Motor Accidents Authority of NSW v Mills  NSWCA
NSW Court of Appeal1
A Court or Claims Assessor does not have the power to bind a
Medical Assessor on the issue of causation.
A certificate under Pt 3.4 of the Act of the degree of
permanent impairment of the injured person as a result of the
injury caused by the motor accident is conclusive evidence of the
degree of that permanent impairment and its causation by
the motor accident.
Mr Mills alleged that he injured his back in a motor accident
which occurred on 10 April 2000. This was disputed by the Nominal
Defendant and the matter was referred to MAS. In December 2003 a
MAS Assessor made a finding that no back injury was caused by the
District Court of NSW – Coorey DCJ
During the course of the trial, the Court reached a finding that
the back injury was caused by the accident and referred the
question of impairment back to MAS for further assessment pursuant
to s 62 of the Act. The order (which was made prior to October
2008) was in the following terms:
"The Court refers only the
question of the extent of the plaintiff's whole person
impairment and not the question of whether or not that impairment
(or injury giving rise to it) was caused by the accident, the
subject of these proceedings".
An application by MAA to intervene was subsequently granted but
the Court declined to vary the order.
Court of Appeal – Giles JA, Tobias JA and Handley
The MAA sought relief in the nature of certiorari on the basis
of a jurisdictional error. It contended that the Court had no power
to make the referral to MAS on terms which excluded the issue of
Giles JA, with whom the others agreed, concluded:
"74. In my opinion, in doing
so, his Honour went beyond the power conferred by s 62(1). That
comes from the terms of s 62(1) and its place in the scheme as
described in the preceding paragraphs. S 62(1) spoke of referral
again of "a matter referred for assessment under this
part". The original matter referred had both the elements of
causation and of degree of permanent impairment. The section should
be understood in accordance with its terms, that is, referral of
that matter again. In accordance with the scheme, both elements
were for the Medical Assessor, and the Court could not decide them.
The Judge's finding made for the purpose of deciding that there
should be referral again under s 62(1) did not bind the parties in
the assessment, and he could not make an order binding on the
parties to prevent the Medical Assessor determining the issue of
In answer to Mr Mills' submission that it was inappropriate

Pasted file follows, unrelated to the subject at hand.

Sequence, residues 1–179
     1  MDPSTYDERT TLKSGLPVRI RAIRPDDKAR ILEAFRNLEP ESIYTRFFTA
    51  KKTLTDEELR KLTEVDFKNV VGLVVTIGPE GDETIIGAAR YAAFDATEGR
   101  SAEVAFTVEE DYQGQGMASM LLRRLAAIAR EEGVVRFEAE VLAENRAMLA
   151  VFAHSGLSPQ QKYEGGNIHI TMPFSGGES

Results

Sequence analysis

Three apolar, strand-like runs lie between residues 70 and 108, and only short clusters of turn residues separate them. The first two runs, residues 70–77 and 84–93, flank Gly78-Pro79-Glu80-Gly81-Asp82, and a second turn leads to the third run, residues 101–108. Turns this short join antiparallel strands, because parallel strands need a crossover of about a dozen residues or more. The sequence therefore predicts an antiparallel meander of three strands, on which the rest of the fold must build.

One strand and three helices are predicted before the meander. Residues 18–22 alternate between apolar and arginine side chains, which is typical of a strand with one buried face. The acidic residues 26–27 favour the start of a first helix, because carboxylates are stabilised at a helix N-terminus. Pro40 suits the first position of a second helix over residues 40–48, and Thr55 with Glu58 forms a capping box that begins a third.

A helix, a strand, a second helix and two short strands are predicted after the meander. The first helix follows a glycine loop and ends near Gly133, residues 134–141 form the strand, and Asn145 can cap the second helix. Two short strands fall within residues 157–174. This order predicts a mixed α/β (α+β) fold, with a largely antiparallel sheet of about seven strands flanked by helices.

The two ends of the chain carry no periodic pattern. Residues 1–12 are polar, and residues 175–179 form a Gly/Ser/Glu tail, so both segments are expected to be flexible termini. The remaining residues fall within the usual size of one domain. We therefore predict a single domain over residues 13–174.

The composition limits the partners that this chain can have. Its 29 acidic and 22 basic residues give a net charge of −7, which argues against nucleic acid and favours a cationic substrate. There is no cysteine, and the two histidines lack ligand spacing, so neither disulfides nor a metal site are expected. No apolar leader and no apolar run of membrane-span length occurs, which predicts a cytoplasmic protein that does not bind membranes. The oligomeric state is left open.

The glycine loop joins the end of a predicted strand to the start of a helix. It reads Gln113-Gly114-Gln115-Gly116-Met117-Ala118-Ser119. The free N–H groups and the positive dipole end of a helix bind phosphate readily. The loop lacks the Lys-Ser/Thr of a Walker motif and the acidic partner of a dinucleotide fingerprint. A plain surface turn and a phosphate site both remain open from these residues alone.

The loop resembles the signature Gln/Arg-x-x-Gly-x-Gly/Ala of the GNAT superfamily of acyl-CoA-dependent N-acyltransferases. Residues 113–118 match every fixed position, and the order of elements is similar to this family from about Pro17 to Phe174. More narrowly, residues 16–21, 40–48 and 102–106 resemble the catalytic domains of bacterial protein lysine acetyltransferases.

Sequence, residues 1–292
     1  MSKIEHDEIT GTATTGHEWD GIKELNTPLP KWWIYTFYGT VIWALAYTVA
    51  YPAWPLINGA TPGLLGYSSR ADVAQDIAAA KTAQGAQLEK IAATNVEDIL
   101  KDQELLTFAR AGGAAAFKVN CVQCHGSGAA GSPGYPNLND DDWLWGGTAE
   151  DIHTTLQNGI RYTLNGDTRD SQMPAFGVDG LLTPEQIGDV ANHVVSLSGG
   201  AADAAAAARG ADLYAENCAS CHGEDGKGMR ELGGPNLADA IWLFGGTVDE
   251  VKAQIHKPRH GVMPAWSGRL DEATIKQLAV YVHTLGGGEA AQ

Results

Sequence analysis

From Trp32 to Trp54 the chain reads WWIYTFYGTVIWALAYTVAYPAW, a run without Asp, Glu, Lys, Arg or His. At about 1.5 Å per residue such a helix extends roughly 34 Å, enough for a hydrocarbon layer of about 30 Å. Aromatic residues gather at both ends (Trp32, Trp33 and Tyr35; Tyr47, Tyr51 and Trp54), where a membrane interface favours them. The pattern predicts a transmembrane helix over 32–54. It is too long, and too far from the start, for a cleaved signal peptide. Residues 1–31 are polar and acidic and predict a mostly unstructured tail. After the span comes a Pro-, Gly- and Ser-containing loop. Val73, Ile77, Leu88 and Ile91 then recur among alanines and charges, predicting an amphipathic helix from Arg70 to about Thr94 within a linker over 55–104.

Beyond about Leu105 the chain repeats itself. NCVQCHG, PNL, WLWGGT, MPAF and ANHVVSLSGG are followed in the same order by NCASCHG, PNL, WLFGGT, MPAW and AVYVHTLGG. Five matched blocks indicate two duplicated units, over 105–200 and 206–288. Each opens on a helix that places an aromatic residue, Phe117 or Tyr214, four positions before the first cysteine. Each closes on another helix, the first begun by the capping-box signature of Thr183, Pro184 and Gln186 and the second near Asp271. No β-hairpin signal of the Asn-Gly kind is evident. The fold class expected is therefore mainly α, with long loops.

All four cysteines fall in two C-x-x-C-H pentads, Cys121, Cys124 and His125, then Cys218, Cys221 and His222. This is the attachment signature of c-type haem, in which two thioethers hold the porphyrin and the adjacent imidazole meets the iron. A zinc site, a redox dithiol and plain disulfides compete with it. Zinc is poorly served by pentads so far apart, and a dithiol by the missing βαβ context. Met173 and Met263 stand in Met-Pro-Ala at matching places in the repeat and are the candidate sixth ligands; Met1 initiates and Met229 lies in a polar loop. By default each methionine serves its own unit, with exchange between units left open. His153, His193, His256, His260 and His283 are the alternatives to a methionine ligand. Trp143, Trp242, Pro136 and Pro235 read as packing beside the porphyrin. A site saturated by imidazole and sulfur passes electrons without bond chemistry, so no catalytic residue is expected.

for a Medical Assessor to make binding conclusions on causation
which could well involve non medical issues including the credit of
the injured person, the Court gave the following response:
"79. The submissions face
the difficulty that the degree of permanent impairment as a result
of the injury caused by the motor accident (s 58(1)(d); s 131) was
unequivocally for the Medical Assessor, including the element of
causation. That was accepted in Pham v Shui at  and it was
correctly so held in Ackling v QBE Insurance (Australia) Limited
 . The legislature accepted such constraints as there may
have been on investigation or being provided with materials, and
dealt with that amongst other possible deficiencies in a medical
assessment by what I have called the safety valve of a Court's
power to refer again. The legislature having chosen to provide the
threshold in s 131 of the Act and brought it within the scheme for
medical assessment under Pt 3.4, the possibility of anomaly was met
by the safety valve".
On the face of it, the prohibition on a Court or CARS Assessor
of binding a MAS Assessor on causation may give rise to injustice.
The Medical Assessor has, after all, limited scope for testing a
claimant's credibility and fairly evaluating competing evidence
as to the cause of impairment. However, the legislature created a
safety valve in the form of the power to refer again under s
62(1)(b). Relevant evidence and submissions can be put to MAS as
part of the referral. Such a referral is not constrained by the
need to demonstrate deterioration or additional relevant
information within the confines of s 62(1)(a). The availability of
that mechanism should not be overlooked.
Whilst it was not essential to their determination in this case,
the Court of Appeal has given a strong indication that the
conclusiveness of a certificate on the issue of causation is now
settled. This would appear to apply equally to certificates issued
under the post October 2008 scheme.
1 Giles JA, Tobias JA, Handley AJA
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